A good friend’s keen recommendation of a white water rafting experience led us down winding, narrow rural roads in search of a service provider.
The rustic kampung scene off Gopeng was quiet in the morning. We cruised along rubber trees, free range chickens and scattered houses for at least 15 minutes, having only our navigator apps to trust, to get to Riverbug Perak’s base office. Our mission today was white water rafting along Sungai Kampar, which is rated Grade Three on rafting standards, depicting an intermediate class of river stability suitable for inexperienced challengers.
White water rafting got its name from the churning white, foamy water created when the river flows rapidly and cascades over obstacles like boulders. Having been a recreational sport since the mid-1900s, white water rafting is a popular activity today and can be found in various locations across Malaysia. It usually involves an inflatable raft made of strong rubber, four to eight passengers including a guide, paddles and safety helmets.
We were brought from the base office, which is located at the end point of our rafting journey, to a storehouse near the starting point via the service provider’s van. We were handed life vests, helmets, paddles and were briefed on how to manage the raft. Our guide, Gantz, who originated from Sabah, did a thorough demonstration in English, Malay and some funny-accented Mandarin to cater to the 10+ challengers his company was managing. We were shown the proper ways to sit on a raft to maximise our stability, techniques to lock our feet and hold our paddles, positions to take when we are met with rapid flows over rocks, ways to nudge the raft if we get stuck and actions to take in the event of a capsize. It was done very professionally as safety was an utmost priority.
My party of three plus Gantz took off after the briefing by carrying our raft to the river, which was some 100m away from the storehouse. Gantz had staged a capsize for us for training (and fun) purposes at the very beginning of our rafting journey, which was an absolute blast. Getting thrown into a fast-flowing river due to imbalanced weights on a raft could be frequent during the journey, and while it was a good practice for us, we loved it and requested for more staged capsizes along the way. Don’t worry, they were all done in safe conditions and our life vests played a huge role in keeping us alive too.
Having not done water rafting before, it had always occurred to me as an intense sport which is not only expensive but also dangerous and physically demanding. However, the experience was unlike what I had expected! Gantz was super experienced and would take extra caution when we approached boulders. The entire rafting journey was safe and exciting, providing us a mixed experience consisting of both the adrenaline rush of a roller coaster ride and the relaxing ambience of a cruise. We did not even have to paddle most of the trip as the river would carry us.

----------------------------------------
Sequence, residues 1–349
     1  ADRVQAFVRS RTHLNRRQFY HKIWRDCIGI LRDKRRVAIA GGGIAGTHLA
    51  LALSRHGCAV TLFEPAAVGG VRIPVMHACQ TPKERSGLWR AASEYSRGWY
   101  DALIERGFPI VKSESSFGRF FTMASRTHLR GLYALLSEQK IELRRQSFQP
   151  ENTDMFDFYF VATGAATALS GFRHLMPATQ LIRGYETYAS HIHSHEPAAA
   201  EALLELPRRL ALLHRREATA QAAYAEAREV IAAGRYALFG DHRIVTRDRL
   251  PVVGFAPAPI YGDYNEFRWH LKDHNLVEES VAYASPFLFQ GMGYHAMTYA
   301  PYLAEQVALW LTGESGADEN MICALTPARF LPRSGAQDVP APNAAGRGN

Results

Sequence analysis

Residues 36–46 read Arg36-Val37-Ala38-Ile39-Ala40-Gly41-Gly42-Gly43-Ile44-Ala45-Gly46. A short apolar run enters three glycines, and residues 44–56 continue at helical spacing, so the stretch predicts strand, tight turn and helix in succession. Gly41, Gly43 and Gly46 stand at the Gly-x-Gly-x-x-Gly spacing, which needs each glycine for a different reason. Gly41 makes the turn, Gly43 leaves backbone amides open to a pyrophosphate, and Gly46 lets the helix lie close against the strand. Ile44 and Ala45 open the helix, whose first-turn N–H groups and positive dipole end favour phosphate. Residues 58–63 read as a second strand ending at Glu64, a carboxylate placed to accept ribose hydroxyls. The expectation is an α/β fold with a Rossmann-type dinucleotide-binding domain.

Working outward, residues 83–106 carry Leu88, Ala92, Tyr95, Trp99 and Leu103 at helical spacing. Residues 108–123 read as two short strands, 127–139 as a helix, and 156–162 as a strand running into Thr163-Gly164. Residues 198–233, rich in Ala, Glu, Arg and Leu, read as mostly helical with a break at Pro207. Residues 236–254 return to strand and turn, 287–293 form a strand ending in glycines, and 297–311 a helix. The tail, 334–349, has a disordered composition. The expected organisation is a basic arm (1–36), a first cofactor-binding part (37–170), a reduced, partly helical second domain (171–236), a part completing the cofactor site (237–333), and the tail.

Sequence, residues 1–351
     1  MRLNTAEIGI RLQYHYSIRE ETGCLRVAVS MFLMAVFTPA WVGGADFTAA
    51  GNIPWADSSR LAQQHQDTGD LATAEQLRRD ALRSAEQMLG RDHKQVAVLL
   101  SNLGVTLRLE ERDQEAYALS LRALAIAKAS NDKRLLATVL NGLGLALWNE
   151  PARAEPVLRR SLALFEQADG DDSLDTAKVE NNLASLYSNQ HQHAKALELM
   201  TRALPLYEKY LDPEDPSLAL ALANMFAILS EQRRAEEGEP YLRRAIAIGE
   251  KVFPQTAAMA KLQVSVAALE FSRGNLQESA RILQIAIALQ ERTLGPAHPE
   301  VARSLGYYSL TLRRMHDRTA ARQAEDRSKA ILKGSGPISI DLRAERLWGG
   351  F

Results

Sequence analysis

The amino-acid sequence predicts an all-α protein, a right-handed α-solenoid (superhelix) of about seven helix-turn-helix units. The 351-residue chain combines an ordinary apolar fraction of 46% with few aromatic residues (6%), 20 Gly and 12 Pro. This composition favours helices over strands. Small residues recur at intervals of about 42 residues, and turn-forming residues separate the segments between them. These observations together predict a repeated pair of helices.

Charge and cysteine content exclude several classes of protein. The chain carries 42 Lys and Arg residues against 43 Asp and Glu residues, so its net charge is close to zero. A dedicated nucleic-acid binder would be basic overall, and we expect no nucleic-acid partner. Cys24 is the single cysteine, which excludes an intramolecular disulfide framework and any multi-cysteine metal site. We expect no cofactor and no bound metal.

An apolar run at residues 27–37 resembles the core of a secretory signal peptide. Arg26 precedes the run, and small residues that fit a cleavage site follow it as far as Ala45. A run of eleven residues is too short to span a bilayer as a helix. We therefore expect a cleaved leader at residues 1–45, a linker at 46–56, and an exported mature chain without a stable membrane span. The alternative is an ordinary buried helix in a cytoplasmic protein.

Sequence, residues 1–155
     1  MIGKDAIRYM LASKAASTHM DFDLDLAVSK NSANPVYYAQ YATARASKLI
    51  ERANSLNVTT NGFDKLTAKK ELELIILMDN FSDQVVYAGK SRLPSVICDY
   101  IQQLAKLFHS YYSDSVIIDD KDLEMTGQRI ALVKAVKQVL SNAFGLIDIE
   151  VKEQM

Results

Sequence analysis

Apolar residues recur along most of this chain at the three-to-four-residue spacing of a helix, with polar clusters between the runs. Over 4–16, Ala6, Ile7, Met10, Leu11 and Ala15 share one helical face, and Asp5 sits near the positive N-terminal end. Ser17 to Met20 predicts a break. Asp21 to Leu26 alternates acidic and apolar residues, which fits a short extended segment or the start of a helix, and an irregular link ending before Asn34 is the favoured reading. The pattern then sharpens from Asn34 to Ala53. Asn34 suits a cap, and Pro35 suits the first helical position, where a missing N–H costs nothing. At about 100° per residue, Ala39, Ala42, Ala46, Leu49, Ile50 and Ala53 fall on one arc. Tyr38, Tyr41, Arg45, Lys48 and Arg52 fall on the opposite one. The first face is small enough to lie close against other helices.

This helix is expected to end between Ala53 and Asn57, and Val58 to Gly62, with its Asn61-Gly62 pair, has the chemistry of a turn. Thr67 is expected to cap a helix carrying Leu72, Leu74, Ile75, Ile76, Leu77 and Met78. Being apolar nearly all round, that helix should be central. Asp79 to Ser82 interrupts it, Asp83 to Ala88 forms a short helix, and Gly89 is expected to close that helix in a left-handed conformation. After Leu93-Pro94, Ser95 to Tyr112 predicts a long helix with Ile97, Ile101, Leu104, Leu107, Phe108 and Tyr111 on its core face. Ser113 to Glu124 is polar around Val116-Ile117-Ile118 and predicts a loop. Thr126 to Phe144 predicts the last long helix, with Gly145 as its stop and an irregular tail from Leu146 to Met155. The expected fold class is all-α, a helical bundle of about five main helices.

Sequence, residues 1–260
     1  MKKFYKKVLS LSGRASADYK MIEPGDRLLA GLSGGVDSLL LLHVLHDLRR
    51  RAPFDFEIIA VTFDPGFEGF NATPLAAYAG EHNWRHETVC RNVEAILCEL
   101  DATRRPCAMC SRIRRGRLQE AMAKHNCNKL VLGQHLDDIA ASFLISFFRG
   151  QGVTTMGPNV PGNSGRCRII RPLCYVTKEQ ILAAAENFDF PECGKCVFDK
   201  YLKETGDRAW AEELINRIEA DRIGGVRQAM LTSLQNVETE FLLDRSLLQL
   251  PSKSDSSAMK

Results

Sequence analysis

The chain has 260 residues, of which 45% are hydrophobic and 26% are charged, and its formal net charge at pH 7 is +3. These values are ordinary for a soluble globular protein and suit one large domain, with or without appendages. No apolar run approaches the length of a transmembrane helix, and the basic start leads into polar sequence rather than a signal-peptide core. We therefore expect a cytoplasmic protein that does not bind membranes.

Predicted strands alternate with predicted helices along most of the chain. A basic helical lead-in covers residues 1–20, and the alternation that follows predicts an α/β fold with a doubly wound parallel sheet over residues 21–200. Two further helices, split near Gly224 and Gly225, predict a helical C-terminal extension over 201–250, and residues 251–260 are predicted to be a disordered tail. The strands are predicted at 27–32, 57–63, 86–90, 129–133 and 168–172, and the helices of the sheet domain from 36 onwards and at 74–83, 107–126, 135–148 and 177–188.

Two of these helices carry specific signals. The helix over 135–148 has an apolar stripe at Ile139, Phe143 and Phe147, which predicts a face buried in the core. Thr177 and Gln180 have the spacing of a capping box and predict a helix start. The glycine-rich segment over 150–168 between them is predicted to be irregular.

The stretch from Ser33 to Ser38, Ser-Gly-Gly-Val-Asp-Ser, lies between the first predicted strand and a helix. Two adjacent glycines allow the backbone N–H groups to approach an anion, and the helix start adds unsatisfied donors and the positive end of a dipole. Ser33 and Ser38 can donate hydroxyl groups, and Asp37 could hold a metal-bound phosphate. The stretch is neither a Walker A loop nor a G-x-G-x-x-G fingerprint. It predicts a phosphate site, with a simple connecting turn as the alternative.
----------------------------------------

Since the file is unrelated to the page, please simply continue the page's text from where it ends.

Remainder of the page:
The best part of the adventure was to enjoy the gorgeous river scenery of unpolluted water running through banks of unbothered trees. Our route was far away from urbanisation and development, and we could fully immerse ourselves in the purest forms of our local nature. In fact, such places are otherwise inaccessible if not through the river. What a blessing! Who knew water rafting could be such a beautiful experience. We even took a swim somewhere along the way where the river ran slower and wider.
As your resident curious journalist, I did not just slack during the break too- my team chatted with Gantz to learn more about his experience as a rafting instructor. With 13 years of experience in rafting, Gantz now takes bookings seven days a week! He was a free-lancer in the industry back in Sabah, but decided to seek better monetary and personal developmental opportunities here in Peninsular Malaysia about a year ago. Now, he is attached to Riverbug as a full-time guide.
In fact, the company also offers experiences in Sabah, one of which is at Sungai Padas, a Grade Four man-made river known for white water rafting. This explains why it hires a lot of Sabahans as crew, especially since many of them are well-trained for the job there.
We learned that white water rafting is highly weather-dependent and this means risk assessments become extremely important when rain adds to the river volume. Yet, in contrast to common belief where rainy reasons are not suitable for rafting, thrill seekers prefer them for enhanced excitement.
Another guide we spoke to even shared with us that he recently dislocated a finger due to brute force when he was thrown off his raft. Not wanting to spend on medical expenses, he ‘fixed’ his finger back on his own! He showed us the injured finger and we thought it looked pretty healthy, moving just as normal as one should. I wonder if this reflects the mentality of some parts of our community where professional medical aid is dreaded over its perceived inconveniences (high costs for private avenues and long waiting time for public healthcare service providers; inaccessibility since their workplace is deep in the rural areas).
All in all, white water rafting down Sungai Kampar was an incredible experience. It showed me that white water rafting is an amazing avenue of thrill with immersive elements of nature. Will I do it again? Yes! Sungai Padas in Sabah, let’s go!
By, Euan Thum, Journalist, Charisma Movement 22/23